First Generation – Keri Mans
Tell us about yourself: In this section were you involved with TRIO?
I was born to very young parents in rural Mississippi, an area in which higher education was not considered or highly valued. For much of my early life, I lived with my mom and grandparents and participated in a rural lifestyle that included farming, hunting, & fishing. When I was growing up, our family didn’t have a lot of money, but I’m lucky to have had food in my stomach and a roof over my head. There was no pre-K available in our area, so my first experience with school was kindergarten. While I know it sounds trite, I fell head over heels in love with school. I never left school, and consider myself fortunate to be able to come to school every day and lead my students as they pursue their goals.
What was it like being a first generation college student? What barriers did you face and how did you overcome them?
I attended Mississippi State University, and in 2004 I earned a Bachelor of Science in Biochemistry and Molecular Biology. It sounds so simple, right? The truth is that I struggled mightily to understand what resources were available to me, and I never came across a program such as TRIO. Not realizing that dropping a class was a possibility, I failed calculus and got a D in chemistry my first semester. I had always done well in school, but suddenly it was abundantly clear that I had no idea how to study: everything had always just come easy to me. One of my greatest college successes, in my opinion, was finding a tutor in the free math lab and spending two hours a day with him until I passed my calculus series. This was a painful process that taught me much about resilience.
My other big challenge in college was figuring out what to do with my degree once I earned it. Thankfully, I had two campus jobs working in research labs and knew that I enjoyed “doing science”. I looked up to my professors for their depth of knowledge and ability to convey it to a bunch of hapless 20-somethings. I reasoned that earning a PhD would allow me the opportunity to continue doing science and hopefully one day become a professor as well.
I entered the University of Alabama at Birmingham in 2004 as a PhD student in the Cellular and Molecular Biology program. My transition to graduate school was no easier than my transition to University life, but the resilience I learned as an undergraduate helped me to persevere. I exited the University of Alabama at Birmingham in 2010 with a PhD in Neurobiology and a fierce determination to ensure that my future students would be well-prepared for their next steps.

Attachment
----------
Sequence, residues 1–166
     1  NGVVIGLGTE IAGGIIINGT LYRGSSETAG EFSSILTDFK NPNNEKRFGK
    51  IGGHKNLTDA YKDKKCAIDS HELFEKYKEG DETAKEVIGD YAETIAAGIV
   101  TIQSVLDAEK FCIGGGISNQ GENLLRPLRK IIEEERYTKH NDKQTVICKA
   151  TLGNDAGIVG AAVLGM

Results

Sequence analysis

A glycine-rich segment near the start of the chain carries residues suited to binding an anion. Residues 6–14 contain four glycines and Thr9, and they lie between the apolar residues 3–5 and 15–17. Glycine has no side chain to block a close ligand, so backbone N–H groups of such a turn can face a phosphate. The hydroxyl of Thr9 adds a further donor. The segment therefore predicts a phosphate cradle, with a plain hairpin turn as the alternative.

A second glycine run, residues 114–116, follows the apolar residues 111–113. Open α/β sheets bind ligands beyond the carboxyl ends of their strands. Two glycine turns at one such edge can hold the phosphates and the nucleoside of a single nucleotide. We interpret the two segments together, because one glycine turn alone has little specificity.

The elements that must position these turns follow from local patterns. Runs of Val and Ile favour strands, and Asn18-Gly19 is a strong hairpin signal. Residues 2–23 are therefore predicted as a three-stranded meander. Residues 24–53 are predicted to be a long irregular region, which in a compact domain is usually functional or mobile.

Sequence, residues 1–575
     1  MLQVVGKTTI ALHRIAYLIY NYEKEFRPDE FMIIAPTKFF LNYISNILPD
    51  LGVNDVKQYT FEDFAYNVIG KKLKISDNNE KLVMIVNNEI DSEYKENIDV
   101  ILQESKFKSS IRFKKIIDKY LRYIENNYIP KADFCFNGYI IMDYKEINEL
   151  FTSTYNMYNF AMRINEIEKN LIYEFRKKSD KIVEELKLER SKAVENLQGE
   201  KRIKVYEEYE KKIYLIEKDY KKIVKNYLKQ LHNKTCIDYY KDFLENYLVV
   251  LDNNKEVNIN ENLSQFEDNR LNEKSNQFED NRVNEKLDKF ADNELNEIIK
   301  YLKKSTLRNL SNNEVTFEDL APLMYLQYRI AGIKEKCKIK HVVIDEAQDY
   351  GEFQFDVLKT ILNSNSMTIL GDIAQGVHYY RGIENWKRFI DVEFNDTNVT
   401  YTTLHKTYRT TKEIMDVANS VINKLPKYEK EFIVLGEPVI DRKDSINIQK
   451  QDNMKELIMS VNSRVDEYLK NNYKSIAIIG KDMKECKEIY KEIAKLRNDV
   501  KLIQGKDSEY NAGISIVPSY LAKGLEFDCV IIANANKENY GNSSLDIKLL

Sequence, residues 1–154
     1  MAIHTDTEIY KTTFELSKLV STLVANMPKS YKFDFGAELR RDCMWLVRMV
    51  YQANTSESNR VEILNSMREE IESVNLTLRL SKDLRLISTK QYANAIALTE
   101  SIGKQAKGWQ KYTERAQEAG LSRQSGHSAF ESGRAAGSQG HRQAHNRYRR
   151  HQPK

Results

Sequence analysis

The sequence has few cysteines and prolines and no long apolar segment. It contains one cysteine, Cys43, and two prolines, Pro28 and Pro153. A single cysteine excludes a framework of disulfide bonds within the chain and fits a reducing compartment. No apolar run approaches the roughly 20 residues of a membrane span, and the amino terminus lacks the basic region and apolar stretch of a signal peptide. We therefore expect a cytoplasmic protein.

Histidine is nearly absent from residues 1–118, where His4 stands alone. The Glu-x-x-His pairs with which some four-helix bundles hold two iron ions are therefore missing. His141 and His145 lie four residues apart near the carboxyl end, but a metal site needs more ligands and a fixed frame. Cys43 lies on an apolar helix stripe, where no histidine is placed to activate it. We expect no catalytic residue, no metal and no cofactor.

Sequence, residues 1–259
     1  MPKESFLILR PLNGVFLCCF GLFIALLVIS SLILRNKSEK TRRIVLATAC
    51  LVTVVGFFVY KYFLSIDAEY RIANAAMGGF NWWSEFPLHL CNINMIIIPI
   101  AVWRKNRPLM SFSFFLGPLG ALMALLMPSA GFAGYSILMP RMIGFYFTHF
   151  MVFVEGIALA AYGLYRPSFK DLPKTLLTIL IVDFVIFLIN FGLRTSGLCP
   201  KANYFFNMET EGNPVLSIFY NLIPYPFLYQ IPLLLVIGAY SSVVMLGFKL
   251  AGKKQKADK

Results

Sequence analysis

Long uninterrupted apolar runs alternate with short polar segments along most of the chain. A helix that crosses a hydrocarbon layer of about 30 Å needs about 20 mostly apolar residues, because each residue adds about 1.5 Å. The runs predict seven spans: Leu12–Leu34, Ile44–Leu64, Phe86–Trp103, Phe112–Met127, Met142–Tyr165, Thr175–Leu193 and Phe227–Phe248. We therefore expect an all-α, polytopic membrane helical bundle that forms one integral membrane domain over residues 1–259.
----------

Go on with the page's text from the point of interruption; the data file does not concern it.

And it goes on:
What kind of support did you receive from friends and family?
My mom has always been my biggest champion. When I was a pre-teen and my parents divorced, my mom earned an Associate’s Degree to better support our family. I remember riding in the car with her to school and calling out flashcards so she could study as a non-traditional student. It was then that I first thought of becoming a teacher, though I never thought that I would actually become a professor!
Whenever I felt discouraged, I remembered those days and how hard my mom had to work for her Associate’s while raising two kids alone. I called her many times during both my undergraduate and graduate days insisting that I couldn’t take another minute. She used a lot of tough love (sometimes really tough love!) to push me through. My mom and step-dad always told everyone how proud they were of me, so it would have been hard to let them down!
In addition, I made some of my longest-lasting friendships in graduate school, and that’s where I met my husband! At first I was intimidated by being around so many intelligent people who obviously came from families where a college education was commonplace. As I learned to trust those around me, they became a huge support as we all finished our graduate degrees together.
What can GS do better in support of first Generation Students?
First, I’ll say that students have so many resources at Georgia Southern, such as TRIO, the writing center, and the SMART tutoring center. In addition, these resources are easy to locate and to use. I do think that first-generation students are more hesitant to utilize these resources and might simply need encouragement! I have walked many students to the SMART center who were too nervous to walk in the door and try it out. Empowering students to use tools available to them doesn’t always have to be a huge thing; sometimes it’s as simple as a conversation and some encouragement to empower them to use their resources.
Give encouraging words to 1st Generation staff and students who haven’t realized their academic dreams.
I think it’s important for each person to have at least one mentor as they travel their academic journey, whether it is a professor, a family friend, tutor, or colleague. Further, I’d encourage everyone to define success for themselves, rather than letting someone else define it for them. Realize that your definition of success can change, and that it’s never ever too late to try something new.
Last updated: 10/5/2020